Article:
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  • 1.
    Senkondo, William
    et al.
    Stockholm University, Faculty of Science, Department of Physical Geography. University of Dar es Salaam, Tanzania; Water Institute, Dar es Salaam, Tanzania.
    Munishi, Subira E.
    Tumbo, Madaka
    Nobert, Joel
    Lyon, Steve W.
    Stockholm University, Faculty of Science, Department of Physical Geography. The Nature Conservancy, USA.
    Comparing Remotely-Sensed Surface Energy Balance Evapotranspiration Estimates in Heterogeneous and Data-Limited Regions: A Case Study of Tanzania's Kilombero Valley2019In: Remote Sensing, ISSN 2072-4292, E-ISSN 2072-4292, Vol. 11, no 11, article id 1289Article in journal (Refereed)
    Abstract [en]

    Evapotranspiration (ET) plays a crucial role in integrated water resources planning, development and management, especially in tropical and arid regions. Determining ET is not straightforward due to the heterogeneity and complexity found in real-world hydrological basins. This situation is often compounded in regions with limited hydro-meteorological data that are facing rapid development of irrigated agriculture. Remote sensing (RS) techniques have proven useful in this regard. In this study, we compared the daily actual ET estimates derived from 3 remotely-sensed surface energy balance (SEB) models, namely, the Surface Energy Balance Algorithm for Land (SEBAL) model, the Operational Simplified Surface Energy Balance (SSEBop) model, and the Simplified Surface Balance Index (S-SEBI) model. These products were generated using the Moderate Resolution Imaging Spectroradiometer (MODIS) satellite imagery for a total of 44 satellite overpasses in 2005, 2010, and 2015 in the heterogeneous, highly-utilized, rapidly-developing and data-limited Kilombero Valley (KV) river basin in Tanzania, eastern Africa. Our results revealed that the SEBAL model had a relatively high ET compared to other models and the SSEBop model had relatively low ET compared to the other models. In addition, we found that the S-SEBI model had a statistically similar ET as the ensemble mean of all models. Further comparison of SEB models' ET estimates across different land cover classes and different spatial scales revealed that almost all models' ET estimates were statistically comparable (based on the Wilcoxon's test and the Levene's test at a 95% confidence level), which implies fidelity between and reliability of the ET estimates. Moreover, all SEB models managed to capture the two spatially-distinct ET regimes in KV: the stable/permanent ET regime on the mountainous parts of the KV and the seasonally varied ET over the floodplain which contains a Ramsar site (Kilombero Valley Floodplain). Our results have the potential to be used in hydrological modelling to explore and develop integrated water resources management in the valley. We believe that our approach can be applied elsewhere in the world especially where observed meteorological variables are limited.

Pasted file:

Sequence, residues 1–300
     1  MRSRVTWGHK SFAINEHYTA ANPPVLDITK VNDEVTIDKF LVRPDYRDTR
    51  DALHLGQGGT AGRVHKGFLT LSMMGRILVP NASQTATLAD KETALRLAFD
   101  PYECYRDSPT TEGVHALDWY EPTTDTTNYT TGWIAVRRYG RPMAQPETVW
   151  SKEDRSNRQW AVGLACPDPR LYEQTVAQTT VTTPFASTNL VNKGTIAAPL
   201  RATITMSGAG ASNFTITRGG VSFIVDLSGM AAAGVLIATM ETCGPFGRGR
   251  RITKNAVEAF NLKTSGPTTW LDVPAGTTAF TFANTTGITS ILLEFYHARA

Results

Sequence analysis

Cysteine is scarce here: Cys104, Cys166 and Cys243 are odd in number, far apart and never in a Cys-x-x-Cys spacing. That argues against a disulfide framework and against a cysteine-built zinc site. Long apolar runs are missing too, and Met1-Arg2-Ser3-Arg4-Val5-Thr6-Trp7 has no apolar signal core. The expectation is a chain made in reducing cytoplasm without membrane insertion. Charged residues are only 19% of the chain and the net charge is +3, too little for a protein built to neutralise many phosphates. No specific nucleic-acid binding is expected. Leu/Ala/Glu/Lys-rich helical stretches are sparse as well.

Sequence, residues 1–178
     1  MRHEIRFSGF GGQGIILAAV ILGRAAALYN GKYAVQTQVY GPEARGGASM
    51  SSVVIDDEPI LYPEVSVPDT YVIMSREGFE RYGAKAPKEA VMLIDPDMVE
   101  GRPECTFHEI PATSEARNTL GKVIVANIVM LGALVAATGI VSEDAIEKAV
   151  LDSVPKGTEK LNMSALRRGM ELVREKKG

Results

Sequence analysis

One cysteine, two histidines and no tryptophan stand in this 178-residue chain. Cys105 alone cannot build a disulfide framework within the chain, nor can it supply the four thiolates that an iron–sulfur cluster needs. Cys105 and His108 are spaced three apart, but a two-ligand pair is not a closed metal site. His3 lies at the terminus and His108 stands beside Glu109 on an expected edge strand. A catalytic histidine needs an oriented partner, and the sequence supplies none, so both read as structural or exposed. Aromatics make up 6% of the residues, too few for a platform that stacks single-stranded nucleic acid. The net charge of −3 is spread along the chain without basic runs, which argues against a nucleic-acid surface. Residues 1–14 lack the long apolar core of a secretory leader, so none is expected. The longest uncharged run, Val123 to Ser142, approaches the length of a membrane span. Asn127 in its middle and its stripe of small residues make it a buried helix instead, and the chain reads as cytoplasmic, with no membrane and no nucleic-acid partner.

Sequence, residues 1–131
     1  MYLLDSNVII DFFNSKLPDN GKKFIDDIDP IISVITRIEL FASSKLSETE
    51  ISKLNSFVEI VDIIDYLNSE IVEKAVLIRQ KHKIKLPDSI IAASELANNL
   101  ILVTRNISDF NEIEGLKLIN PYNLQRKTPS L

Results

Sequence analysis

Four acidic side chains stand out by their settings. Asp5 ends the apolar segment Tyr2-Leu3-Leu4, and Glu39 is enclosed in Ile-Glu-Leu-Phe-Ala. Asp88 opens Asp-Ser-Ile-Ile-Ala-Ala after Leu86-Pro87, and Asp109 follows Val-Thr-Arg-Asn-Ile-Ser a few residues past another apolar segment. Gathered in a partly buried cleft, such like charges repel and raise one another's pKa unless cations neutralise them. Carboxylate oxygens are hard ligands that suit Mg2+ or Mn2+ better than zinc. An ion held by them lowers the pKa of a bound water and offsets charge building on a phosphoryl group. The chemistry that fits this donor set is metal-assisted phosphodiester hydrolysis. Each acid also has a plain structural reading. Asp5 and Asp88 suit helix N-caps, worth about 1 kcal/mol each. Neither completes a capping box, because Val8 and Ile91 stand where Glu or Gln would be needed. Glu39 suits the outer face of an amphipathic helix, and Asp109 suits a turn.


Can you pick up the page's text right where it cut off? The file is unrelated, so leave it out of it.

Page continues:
• 2.
    Senkondo, William
    et al.
    Stockholm University, Faculty of Science, Department of Physical Geography. University of Dar es Salaam, Tanzania; Water Institute, Tanzania.
    Tuwa, Jamila
    Stockholm University, Faculty of Science, Department of Physical Geography.
    Koutsouris, Alexander
    Stockholm University, Faculty of Science, Department of Physical Geography.
    Tumbo, Madaka
    Lyon, Steve W.
    Stockholm University, Faculty of Science, Department of Physical Geography. The Nature Conservancy, USA.
    Estimating Aquifer Transmissivity Using the Recession-Curve-Displacement Method in Tanzania's Kilombero Valley2017In: Water, ISSN 2073-4441, E-ISSN 2073-4441, Vol. 9, no 12, article id 948Article in journal (Refereed)
    Abstract [en]

    Information on aquifer processes and characteristics across scales has long been a cornerstone for understanding water resources. However, point measurements are often limited in extent and representativeness. Techniques that increase the support scale (footprint) of measurements or leverage existing observations in novel ways can thus be useful. In this study, we used a recession-curve-displacement method to estimate regional-scale aquifer transmissivity (T) from streamflow records across the Kilombero Valley of Tanzania. We compare these estimates to local-scale estimates made from pumping tests across the Kilombero Valley. The median T from the pumping tests was 0.18 m(2)/min. This was quite similar to the median T estimated from the recession-curve-displacement method applied during the wet season for the entire basin (0.14 m(2)/min) and for one of the two sub-basins tested (0.16 m(2)/min). On the basis of our findings, there appears to be reasonable potential to inform water resource management and hydrologic model development through streamflow-derived transmissivity estimates, which is promising for data-limited environments facing rapid development, such as the Kilombero Valley.

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